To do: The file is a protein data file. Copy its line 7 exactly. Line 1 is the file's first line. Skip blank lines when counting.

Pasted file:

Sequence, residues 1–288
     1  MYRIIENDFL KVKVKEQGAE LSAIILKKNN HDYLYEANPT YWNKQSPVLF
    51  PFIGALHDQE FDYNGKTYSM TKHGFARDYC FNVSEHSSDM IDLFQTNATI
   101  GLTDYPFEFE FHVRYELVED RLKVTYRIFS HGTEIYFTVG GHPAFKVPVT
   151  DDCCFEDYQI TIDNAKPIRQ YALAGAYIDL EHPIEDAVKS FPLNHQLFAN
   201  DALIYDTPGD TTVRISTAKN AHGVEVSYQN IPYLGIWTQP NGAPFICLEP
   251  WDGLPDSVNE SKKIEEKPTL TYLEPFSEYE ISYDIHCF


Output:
   251  WDGLPDSVNE SKKIEEKPTL TYLEPFSEYE ISYDIHCF